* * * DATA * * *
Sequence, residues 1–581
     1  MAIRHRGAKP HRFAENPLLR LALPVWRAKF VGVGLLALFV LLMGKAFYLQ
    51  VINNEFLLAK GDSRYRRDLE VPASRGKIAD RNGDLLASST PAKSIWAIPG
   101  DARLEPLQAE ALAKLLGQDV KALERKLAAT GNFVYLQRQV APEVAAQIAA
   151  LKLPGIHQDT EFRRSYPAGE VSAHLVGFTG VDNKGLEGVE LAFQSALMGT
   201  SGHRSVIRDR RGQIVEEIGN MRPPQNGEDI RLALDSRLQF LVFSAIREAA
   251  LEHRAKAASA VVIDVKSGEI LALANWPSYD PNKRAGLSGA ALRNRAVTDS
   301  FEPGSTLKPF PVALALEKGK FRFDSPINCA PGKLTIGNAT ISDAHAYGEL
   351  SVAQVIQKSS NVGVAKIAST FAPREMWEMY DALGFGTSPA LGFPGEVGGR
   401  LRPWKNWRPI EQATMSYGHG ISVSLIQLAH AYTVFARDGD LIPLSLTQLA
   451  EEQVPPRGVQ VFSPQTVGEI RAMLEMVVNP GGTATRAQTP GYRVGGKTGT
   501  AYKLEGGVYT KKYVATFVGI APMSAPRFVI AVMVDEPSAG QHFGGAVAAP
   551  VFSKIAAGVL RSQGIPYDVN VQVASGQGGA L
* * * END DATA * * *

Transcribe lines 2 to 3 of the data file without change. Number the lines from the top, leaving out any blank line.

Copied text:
     1  MAIRHRGAKP HRFAENPLLR LALPVWRAKF VGVGLLALFV LLMGKAFYLQ
    51  VINNEFLLAK GDSRYRRDLE VPASRGKIAD RNGDLLASST PAKSIWAIPG